Another useful talk about how we can present our poster, and how we must always think about the ways in which we present and reflect our ideas. I briefly mentioned before that I’ve started to play around with those ideas and yet, I’m not so satisfied with what I have at the moment.

Not only did he talk about this, he mentioned that the poster needs to communicate what we want it to and he gave some rather interesting hints in how we can do this. It could be done through the use of words? it could also be done in the use of shapes as well. Shapes and colours are quite good examples when I think about it; just by squashing a square together, it could resemble pressure? gluttony? tightness? anger, maybe?

Continuing with the talk, he gave us some examples of posters that stood out to him, or had influenced others. There was this particular one that had struck my attention when it popped up; I was later able to find it in a book I found at the library and it was about Japanese poster designs.

scanner@londonmet.ac.uk_20160226_145257_001

The palm of the hand is so detailed; it’s incredible. It must of taken a lot of patience and time to be able to create something so delicate. I also adore how subtle the poster is, it’s not flashy or too complicated.

When the talk was finished, we arrived back in our studio to continue working on the poster designs. I had a little one to one talk with Bill, and he suggested about making the text bigger, as the songs are quite bold and they’re different in terms of style. The names of them speak for themselves, but  I took this in to consideration.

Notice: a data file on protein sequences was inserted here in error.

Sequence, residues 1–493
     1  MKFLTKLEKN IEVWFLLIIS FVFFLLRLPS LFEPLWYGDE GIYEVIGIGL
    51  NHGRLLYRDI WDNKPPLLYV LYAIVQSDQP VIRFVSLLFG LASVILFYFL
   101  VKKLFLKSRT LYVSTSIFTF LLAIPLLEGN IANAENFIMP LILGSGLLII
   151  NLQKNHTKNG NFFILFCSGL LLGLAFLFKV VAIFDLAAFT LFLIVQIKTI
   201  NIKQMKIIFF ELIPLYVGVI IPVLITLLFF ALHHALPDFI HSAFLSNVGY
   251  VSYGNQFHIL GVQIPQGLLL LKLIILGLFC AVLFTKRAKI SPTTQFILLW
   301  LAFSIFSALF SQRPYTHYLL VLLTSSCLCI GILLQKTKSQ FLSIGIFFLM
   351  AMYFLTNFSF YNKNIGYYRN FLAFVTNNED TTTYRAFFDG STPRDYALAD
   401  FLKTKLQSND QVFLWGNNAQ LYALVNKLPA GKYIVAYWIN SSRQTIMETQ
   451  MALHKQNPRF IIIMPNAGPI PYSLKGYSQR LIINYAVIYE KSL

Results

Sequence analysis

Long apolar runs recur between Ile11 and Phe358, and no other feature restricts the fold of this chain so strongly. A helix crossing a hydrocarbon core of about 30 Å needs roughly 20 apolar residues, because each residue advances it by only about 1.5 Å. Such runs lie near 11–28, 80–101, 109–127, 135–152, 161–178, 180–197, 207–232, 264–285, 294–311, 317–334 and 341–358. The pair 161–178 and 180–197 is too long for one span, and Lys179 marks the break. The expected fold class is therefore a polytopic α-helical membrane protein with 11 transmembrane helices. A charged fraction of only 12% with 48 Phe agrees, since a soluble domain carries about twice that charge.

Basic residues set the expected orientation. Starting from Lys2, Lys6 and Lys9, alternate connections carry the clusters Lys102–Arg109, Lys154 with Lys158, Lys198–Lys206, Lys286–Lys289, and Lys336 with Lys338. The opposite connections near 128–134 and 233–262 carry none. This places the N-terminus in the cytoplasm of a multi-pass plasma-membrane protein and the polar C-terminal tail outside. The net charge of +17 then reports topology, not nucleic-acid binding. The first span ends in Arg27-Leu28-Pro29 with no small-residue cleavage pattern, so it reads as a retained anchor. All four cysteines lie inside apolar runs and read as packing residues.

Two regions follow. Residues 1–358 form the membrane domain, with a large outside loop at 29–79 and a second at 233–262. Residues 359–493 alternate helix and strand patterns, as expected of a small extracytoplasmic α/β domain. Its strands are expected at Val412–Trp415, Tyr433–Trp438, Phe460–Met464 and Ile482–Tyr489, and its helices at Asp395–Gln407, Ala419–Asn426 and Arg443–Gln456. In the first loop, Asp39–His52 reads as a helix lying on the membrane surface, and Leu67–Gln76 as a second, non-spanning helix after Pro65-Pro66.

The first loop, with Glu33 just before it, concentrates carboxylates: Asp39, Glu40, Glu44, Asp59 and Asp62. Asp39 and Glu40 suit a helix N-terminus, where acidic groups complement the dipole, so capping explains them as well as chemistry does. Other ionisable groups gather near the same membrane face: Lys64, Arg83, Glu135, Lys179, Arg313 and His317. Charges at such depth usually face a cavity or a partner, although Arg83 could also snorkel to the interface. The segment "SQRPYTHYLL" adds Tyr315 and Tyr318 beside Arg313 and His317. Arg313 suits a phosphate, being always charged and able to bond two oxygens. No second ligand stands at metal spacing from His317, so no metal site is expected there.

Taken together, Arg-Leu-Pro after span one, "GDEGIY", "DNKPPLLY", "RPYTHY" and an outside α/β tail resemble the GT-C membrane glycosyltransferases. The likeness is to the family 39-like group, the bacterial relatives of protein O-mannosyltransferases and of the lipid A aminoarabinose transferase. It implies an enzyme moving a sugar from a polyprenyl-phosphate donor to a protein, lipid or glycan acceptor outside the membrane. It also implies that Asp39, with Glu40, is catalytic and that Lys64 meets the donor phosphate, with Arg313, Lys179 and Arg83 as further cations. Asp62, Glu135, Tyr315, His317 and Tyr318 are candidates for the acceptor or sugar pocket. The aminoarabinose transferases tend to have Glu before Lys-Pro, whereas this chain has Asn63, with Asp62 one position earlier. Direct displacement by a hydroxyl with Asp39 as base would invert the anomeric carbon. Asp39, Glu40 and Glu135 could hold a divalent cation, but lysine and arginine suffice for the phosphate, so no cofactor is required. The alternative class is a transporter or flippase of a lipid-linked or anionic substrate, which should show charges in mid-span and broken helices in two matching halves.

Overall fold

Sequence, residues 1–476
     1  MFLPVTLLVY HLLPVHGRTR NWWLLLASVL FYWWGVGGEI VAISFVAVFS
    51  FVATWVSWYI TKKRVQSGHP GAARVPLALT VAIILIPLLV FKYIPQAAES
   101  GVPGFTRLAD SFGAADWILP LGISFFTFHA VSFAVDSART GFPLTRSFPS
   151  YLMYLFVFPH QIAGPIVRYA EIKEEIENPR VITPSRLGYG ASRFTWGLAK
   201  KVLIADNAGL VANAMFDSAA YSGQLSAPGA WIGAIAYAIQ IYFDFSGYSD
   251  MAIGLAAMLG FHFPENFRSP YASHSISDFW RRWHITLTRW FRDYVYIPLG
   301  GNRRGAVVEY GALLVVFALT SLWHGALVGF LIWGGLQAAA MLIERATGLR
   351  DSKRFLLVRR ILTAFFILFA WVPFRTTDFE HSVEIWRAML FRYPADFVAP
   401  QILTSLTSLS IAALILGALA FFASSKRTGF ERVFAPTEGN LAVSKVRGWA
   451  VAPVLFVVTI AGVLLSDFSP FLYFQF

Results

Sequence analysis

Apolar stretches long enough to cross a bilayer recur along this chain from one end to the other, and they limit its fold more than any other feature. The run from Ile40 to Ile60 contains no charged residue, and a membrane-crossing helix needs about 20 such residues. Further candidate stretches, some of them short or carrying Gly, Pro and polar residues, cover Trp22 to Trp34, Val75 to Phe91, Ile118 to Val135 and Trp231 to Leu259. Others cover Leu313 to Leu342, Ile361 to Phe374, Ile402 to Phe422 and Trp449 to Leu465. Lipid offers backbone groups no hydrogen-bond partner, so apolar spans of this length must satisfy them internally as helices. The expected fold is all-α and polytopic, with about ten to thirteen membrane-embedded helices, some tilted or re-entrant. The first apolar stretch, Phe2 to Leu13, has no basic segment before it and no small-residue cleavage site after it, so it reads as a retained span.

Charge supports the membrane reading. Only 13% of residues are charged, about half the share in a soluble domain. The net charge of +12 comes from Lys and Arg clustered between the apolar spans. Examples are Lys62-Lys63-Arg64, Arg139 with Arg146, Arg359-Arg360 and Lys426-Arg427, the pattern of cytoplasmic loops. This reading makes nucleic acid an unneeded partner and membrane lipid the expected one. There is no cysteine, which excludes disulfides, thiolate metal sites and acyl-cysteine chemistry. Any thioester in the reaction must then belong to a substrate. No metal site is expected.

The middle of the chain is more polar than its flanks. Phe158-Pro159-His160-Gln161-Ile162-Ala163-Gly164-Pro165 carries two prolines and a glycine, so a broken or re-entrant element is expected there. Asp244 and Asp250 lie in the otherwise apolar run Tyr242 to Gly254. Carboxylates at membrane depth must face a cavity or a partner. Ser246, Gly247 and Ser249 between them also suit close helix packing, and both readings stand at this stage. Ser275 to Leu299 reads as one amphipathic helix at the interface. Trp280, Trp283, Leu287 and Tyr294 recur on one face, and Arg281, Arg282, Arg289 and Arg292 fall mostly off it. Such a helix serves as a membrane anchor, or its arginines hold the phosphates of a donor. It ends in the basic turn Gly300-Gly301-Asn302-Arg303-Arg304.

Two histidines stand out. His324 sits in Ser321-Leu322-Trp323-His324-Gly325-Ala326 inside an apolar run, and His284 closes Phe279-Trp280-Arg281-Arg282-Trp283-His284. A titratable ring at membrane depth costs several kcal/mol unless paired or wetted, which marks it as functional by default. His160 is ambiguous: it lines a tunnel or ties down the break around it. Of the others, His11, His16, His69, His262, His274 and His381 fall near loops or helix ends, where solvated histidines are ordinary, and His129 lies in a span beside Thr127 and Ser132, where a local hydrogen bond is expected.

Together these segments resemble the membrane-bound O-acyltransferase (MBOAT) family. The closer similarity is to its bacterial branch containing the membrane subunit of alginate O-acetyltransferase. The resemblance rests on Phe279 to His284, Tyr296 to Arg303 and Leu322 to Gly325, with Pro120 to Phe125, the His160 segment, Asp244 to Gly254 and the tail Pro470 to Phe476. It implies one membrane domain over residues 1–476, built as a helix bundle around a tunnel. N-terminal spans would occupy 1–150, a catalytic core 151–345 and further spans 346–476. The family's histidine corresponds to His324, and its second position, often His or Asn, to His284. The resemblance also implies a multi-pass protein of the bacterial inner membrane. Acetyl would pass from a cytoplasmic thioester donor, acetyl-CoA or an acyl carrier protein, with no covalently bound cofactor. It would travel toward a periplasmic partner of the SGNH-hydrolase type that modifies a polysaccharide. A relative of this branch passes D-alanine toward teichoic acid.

I started off with a base template, it was just to draft out a vague idea of what the style of the font could look like. I wanted something scratchy, messy and not so neat and yet, this didn’t exactly resemble that at all.

Tried again. It was better this time; I wanted the text to be bold, big and striking. Though, I need to remind myself of what I stated previously about having the title being a bit quieter, as the names of the songs are prominent. The textured tones that marker creates are pretty fascinating, so I continued to use them, but instead of using one colour, I mixed up two colours that were dominant with in all three of the posters.

I was keen to the result of this outcome, as it was nicely blended in and I’m fond of how the colours smudge in. It would’ve been a better outcome, if I had a bit more practice with this technique previously, but as I needed to get these all done in time for the printers, this was what I ended up with. Nonetheless, this isn’t a totally bad finish over all. I was happy with it, just I could of played around with it a bit more.

Looking in to abstract and contemporary artists.

I wanted to strengthen my research in to other artists for ‘The soundtrack of our lives.’. Thanks to a book called ‘The best of British contemporary illustration 2008’, I was able to obtain a few that has helped to broaden my ideas for the future, if I ever plan on coming back to this project (which is most likely going to happen).

I had several more that I looked at as well, but I only found them before I found this book and started looking in to contemporary and abstract art.